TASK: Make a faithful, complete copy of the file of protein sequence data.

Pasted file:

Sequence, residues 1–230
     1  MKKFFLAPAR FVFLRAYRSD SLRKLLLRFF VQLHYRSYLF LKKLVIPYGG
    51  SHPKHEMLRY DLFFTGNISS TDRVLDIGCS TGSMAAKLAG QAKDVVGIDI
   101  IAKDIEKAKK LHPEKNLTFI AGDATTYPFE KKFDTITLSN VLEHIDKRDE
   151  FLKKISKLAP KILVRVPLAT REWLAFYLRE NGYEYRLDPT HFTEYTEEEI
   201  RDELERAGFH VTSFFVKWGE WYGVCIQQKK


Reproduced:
Sequence, residues 1–230
     1  MKKFFLAPAR FVFLRAYRSD SLRKLLLRFF VQLHYRSYLF LKKLVIPYGG
    51  SHPKHEMLRY DLFFTGNISS TDRVLDIGCS TGSMAAKLAG QAKDVVGIDI
   101  IAKDIEKAKK LHPEKNLTFI AGDATTYPFE KKFDTITLSN VLEHIDKRDE
   151  FLKKISKLAP KILVRVPLAT REWLAFYLRE NGYEYRLDPT HFTEYTEEEI
   201  RDELERAGFH VTSFFVKWGE WYGVCIQQKK